Wilhelmina also wrote, “My first duty was to be ready at all times. Everything was governed by it. This thought occupied me constantly and often worried me unnecessarily. I had to keep up this state of readiness till the end of the war, for on no account could I afford to be surprised by a major crisis at a moment when I was not in a state to take (make?) important decisions.[…] My love for the fatherland was like a consuming fire, and not only in me; it expressed itself in fierceness around me. It was only restricted by reflection and reason when the highest interests of people and the country demanded it. Anyone who threatened to damage these interests was my personal enemy. My thinking and my whole life was dominated by vigilance on their behalf.”3
The personal German connections during the war were a bit more difficult. Both Queen Emma and Prince Henry were German and had extended family living in Germany. Queen Emma’s half-brother Prince Wolrad was killed during the war in October 1914. On the other hand, Emma’s sister Helena had married into the British Royal Family. Wilhelmina wrote in her memoirs, “Mother, who had taken up her residence at the Voorhout, spent the whole of the war in town so as to be immediately informed of the news and have daily contacts with us. She shared fully in my anxiety for the nation. She also had private worries concerning her relatives. One of her sisters lived in England, the widow of the Duke of Albany. Mother’s thoughts often went out to her. Her other relatives lived in Germany. From a distance, she continued to give them her warm and loving sympathy.”4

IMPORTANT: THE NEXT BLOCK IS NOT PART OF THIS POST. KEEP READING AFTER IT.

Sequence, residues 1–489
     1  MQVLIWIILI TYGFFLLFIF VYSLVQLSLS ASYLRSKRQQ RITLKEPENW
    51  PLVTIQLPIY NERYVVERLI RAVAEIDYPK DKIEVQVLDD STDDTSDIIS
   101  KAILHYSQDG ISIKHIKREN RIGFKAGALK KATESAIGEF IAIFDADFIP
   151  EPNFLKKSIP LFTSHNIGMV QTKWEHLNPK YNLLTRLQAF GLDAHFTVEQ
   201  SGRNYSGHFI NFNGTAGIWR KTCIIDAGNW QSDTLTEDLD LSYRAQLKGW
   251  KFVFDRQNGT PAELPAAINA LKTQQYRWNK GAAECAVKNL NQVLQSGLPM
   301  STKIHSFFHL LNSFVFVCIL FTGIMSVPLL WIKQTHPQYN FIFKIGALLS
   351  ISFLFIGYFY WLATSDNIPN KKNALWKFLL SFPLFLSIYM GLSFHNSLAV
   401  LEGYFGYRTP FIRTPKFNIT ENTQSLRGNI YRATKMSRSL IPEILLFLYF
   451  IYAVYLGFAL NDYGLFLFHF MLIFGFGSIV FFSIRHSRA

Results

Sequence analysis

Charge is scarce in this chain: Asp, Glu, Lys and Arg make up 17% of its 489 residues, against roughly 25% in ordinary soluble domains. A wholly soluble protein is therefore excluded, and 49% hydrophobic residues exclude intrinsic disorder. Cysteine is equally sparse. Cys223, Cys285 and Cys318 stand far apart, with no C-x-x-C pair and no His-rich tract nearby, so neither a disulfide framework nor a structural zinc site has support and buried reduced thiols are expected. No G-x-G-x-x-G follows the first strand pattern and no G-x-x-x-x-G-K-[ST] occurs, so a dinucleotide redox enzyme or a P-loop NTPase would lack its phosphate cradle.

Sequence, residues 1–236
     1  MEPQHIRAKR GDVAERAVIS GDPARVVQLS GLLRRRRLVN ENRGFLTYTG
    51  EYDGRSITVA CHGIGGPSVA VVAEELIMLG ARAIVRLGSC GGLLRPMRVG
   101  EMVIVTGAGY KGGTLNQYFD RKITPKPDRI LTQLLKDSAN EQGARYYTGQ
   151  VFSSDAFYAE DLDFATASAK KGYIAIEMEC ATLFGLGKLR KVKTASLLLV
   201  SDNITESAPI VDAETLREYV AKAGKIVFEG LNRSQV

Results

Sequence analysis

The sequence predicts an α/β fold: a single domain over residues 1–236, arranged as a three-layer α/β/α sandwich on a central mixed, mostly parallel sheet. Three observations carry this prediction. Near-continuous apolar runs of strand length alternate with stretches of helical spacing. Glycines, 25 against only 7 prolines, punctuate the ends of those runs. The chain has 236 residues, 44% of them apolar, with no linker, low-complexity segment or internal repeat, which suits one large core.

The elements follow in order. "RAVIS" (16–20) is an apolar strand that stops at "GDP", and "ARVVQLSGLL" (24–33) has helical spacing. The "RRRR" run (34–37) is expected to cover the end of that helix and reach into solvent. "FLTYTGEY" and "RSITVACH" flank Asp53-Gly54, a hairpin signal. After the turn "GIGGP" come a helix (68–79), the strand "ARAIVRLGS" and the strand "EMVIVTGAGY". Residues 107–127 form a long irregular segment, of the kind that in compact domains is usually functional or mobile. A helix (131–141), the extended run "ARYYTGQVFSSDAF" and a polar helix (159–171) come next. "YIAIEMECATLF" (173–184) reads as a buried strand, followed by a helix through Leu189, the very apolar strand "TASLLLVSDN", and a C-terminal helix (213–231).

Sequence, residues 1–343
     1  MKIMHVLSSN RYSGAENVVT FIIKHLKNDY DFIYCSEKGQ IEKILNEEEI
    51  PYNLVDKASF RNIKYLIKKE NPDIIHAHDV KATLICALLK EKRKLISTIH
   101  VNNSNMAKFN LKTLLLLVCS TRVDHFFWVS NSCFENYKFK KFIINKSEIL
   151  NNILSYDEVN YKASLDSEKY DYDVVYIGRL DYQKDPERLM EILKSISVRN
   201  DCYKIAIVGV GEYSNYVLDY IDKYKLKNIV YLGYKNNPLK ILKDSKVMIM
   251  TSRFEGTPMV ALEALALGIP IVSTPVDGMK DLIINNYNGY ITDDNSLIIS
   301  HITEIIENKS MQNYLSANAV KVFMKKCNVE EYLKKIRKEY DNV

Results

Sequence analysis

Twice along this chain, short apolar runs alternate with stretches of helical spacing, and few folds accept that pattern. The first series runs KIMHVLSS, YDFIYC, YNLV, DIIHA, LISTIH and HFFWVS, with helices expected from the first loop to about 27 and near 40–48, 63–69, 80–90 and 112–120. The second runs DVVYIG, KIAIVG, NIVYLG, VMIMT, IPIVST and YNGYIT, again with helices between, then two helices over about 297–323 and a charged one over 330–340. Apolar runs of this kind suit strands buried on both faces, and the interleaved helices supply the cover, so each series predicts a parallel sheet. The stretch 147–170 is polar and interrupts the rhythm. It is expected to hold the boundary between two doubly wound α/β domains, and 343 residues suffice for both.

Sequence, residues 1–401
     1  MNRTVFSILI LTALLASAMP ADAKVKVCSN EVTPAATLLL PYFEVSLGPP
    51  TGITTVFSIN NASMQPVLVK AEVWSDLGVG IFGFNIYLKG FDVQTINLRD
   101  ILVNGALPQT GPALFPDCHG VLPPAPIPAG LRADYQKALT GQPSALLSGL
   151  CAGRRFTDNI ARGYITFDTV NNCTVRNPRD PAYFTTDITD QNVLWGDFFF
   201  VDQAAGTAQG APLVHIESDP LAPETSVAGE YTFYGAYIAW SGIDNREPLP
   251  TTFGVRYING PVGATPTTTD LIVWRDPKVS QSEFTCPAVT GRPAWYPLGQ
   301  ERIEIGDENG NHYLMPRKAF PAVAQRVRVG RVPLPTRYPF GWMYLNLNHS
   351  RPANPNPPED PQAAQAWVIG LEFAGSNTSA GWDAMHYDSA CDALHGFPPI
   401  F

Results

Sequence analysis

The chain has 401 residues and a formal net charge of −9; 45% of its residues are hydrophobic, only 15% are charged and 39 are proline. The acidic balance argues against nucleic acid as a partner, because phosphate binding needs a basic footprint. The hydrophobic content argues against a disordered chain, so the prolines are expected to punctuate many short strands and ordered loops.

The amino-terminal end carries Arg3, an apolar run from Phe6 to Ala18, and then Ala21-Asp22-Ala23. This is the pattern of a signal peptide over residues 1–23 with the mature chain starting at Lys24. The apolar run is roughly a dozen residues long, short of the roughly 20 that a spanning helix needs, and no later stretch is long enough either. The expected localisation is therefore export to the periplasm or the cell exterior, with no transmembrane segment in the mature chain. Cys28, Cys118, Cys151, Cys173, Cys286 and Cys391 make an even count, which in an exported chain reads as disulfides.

At the end of the war, the German monarchies came to an end. Queen Wilhelmina was most surprised to find the German Emperor looking for her help. On 10 November 1918, Wilhelm and his entourage appeared at a border post at Eijsden where he was denied entry. As Wilhelm paced around the train station of Eijsden, Wilhelmina was informed of the situation. She later wrote, “I shall never forget the November morning at the Ruygenshoek when I was called very early with the news that the Kaiser had crossed our frontier in the province of Limburg. This communication from the government was soon followed by a telegram from the Kaiser himself, who tried to explain his action to me. I was utterly astonished; it was the very last thing I should have thought possible.[…] The Netherlands government assigned him a place of residence and demanded a promise that he would not leave it and would abstain from political activity. His abdication followed soon after.5
She added, “The flight and abdication of the Kaiser were followed by the abdication of the other German princes. Everything happened with incredible rapidity. Revolutionary elements and excited crowds demanded the abdication of their princes. The weaker ones gave in at once and left their lands precipitately; some other complied with greater dignity. Of course, they carried all the members of their families with them in their fall; none of them would be allowed to hold any public office. Even those who devoted the whole of their lives to the service of their peoples and who were held in the highest esteem were committed to the bitter fate of the outcast. In the meantime, the Allied victory had been gained and a cease-fire agreed upon. The armistice was then signed, and subsequently, the peace was dictated to Germany.6